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“The Shawl” by Cynthia Ozick imparts insight into the lives of three Polish Jews who try to survive in a concentration camp during World War II. The story is told in third person point-of-view through the character of Rosa, the mother of Magda, a baby. Rosa’s struggles to keep her child alive in the hostile environment of the camp required phenomenal efforts.
After some time in the camps, Rosa, Stella, her fourteen year old niece, and Magda, now fifteen months old, are hanging on for their lives. Rosa gives most of her food to Magda, yet she is barely alive. Her eyes are widened and her belly is swollen, typical of starvation and dehydration.
Everywhere Magda goes, the “magical” shawl accompanies her. It has given her great satisfaction and appears to have even fed her as she sucked on it as though it were her mother’s breast. Magda does not speak. Somehow, with the use of the shawl, Rosa has kept Magda hidden from the Nazis.
Stella has always been jealous of Magda. Her desire for the shawl has grown, so she takes it away from the baby. When Rosa is not paying attention, Magda wanders out into the grounds and begins to scream. Rosa despite her shock hurries to find the shawl to lure the baby back into the barracks.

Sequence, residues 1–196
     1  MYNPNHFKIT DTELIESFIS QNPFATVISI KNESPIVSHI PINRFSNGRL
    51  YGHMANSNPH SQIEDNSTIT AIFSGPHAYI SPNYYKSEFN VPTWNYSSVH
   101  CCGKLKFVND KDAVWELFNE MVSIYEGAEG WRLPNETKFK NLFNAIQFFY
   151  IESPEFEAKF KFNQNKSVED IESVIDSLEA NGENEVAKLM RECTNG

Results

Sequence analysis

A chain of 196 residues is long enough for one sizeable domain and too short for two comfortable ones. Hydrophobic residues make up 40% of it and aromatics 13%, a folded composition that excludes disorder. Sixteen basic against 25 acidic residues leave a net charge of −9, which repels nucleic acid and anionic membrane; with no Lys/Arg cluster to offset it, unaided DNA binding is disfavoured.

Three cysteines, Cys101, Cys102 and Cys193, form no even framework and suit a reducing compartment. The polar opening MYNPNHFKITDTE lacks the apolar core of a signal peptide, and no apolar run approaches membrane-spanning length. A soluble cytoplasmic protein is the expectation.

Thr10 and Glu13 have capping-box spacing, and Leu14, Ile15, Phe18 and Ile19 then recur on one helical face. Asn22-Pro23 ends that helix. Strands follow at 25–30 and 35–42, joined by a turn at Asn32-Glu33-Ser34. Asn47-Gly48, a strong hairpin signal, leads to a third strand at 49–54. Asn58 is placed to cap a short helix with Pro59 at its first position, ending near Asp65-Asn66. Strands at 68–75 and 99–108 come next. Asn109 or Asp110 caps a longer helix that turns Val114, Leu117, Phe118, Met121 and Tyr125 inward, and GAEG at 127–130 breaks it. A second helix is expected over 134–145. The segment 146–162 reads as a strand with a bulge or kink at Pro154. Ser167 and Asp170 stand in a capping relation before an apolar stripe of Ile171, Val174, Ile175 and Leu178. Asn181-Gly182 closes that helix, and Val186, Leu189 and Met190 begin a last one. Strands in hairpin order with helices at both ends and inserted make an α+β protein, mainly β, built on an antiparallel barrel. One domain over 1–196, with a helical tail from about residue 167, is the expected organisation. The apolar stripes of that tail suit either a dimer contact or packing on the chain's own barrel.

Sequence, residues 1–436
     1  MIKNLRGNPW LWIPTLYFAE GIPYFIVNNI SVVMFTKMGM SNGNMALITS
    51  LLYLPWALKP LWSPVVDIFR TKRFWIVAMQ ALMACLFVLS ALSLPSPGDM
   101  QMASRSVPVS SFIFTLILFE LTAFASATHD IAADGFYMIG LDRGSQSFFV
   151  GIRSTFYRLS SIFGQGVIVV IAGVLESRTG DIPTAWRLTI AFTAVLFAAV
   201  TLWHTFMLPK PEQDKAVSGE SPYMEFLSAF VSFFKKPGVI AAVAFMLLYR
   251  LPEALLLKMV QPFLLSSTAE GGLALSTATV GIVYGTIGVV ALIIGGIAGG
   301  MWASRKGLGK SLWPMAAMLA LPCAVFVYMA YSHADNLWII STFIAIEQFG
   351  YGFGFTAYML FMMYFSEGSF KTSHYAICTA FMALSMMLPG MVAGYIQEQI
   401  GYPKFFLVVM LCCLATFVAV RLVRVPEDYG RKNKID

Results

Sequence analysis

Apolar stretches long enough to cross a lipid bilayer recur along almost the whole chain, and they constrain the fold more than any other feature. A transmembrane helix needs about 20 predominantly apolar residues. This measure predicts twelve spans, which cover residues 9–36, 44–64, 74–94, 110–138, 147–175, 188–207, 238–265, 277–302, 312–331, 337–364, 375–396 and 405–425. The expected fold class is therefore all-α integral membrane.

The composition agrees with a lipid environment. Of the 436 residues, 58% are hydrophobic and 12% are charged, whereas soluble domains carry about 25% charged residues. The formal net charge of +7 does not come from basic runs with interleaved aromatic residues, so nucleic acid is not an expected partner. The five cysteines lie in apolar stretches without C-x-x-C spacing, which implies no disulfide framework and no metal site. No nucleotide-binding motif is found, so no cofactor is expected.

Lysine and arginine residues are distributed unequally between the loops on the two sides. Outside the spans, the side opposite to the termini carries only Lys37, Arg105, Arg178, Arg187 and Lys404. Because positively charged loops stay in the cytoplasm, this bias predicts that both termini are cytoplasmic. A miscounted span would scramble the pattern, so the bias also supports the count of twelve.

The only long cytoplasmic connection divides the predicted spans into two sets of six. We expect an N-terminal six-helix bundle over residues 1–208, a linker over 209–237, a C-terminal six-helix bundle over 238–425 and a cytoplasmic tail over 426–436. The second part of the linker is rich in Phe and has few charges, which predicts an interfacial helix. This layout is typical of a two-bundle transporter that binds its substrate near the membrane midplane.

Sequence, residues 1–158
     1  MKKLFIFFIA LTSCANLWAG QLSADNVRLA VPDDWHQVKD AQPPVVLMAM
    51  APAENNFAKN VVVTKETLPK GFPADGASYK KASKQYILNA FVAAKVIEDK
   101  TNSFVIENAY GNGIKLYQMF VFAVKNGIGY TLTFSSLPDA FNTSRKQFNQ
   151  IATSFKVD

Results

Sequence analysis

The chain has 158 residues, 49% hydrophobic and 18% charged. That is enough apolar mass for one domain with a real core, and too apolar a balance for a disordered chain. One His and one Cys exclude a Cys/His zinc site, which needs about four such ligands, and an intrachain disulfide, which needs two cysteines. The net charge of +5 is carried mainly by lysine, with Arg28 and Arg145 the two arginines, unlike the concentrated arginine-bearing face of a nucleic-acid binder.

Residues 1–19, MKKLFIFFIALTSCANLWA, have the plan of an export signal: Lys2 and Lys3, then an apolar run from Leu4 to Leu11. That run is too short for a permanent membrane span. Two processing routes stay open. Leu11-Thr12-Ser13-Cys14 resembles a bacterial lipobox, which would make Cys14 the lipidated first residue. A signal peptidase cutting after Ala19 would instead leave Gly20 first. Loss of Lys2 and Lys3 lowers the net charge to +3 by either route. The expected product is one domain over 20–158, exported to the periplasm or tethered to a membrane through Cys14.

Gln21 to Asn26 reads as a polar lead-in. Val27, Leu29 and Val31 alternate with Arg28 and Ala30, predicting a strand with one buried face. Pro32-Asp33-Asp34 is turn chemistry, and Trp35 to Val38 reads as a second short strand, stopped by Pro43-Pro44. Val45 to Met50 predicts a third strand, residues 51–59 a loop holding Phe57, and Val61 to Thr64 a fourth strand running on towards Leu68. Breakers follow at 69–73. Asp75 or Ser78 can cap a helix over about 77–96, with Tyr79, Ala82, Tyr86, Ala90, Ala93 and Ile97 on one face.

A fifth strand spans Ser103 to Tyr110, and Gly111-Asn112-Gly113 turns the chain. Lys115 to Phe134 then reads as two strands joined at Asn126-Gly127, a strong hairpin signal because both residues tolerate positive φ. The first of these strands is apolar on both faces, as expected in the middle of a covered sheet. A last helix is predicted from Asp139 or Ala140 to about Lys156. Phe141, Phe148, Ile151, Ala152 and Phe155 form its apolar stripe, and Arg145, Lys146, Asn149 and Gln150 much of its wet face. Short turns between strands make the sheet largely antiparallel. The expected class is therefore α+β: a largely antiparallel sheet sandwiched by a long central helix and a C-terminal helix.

When she returns to the door, Magda has been scooped up by “a black body like a domino and a pair of black boots.” Walking a little way down the fence, the Nazi soldier throws the baby into the electrified fence which instantly kills the baby.
Rosa’s observation of the death of her child comes as she steps from the barracks to find Magda. Her view includes the other side of the deadly fence. To Rosa, a pastoral garden appears.
On the other side of the steel fence, there were green meadows speckled with dandelions and deep-colored violets; beyond them, even farther, innocent tiger lilies.
The conflicted worlds of the ugliness in the concentration camps [described by the author as raining excrement and filled with greasy smoke emanating from the crematoriums] with the beauty on the other side of the fence symbolically fills the reader with empathy. Rosa’s vision simultaneously incorporates both the view of the murder of her child and this luscious meadow.
Faced with the choice to run to her child, stay quiet and return to the barracks, or scream at the top of lungs—to save herself with her baby already dead, Rosa stuffs the shawl in her mouth and begins to suck on it. In another time, the baby and Rosa might have played in a similar place. Now, the baby is dead.
The meadow fills Rosa with grief, guilt and loneliness; however, she will find a way to the other side. Rosa will live in the symbolic garden again and in Magda’s honor.
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